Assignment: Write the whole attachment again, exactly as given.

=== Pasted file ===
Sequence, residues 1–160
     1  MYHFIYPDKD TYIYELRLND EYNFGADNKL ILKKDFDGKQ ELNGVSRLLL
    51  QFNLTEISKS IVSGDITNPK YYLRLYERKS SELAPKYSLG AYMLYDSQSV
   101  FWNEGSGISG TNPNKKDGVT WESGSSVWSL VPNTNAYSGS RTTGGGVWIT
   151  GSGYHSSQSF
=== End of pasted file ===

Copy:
Sequence, residues 1–160
     1  MYHFIYPDKD TYIYELRLND EYNFGADNKL ILKKDFDGKQ ELNGVSRLLL
    51  QFNLTEISKS IVSGDITNPK YYLRLYERKS SELAPKYSLG AYMLYDSQSV
   101  FWNEGSGISG TNPNKKDGVT WESGSSVWSL VPNTNAYSGS RTTGGGVWIT
   151  GSGYHSSQSF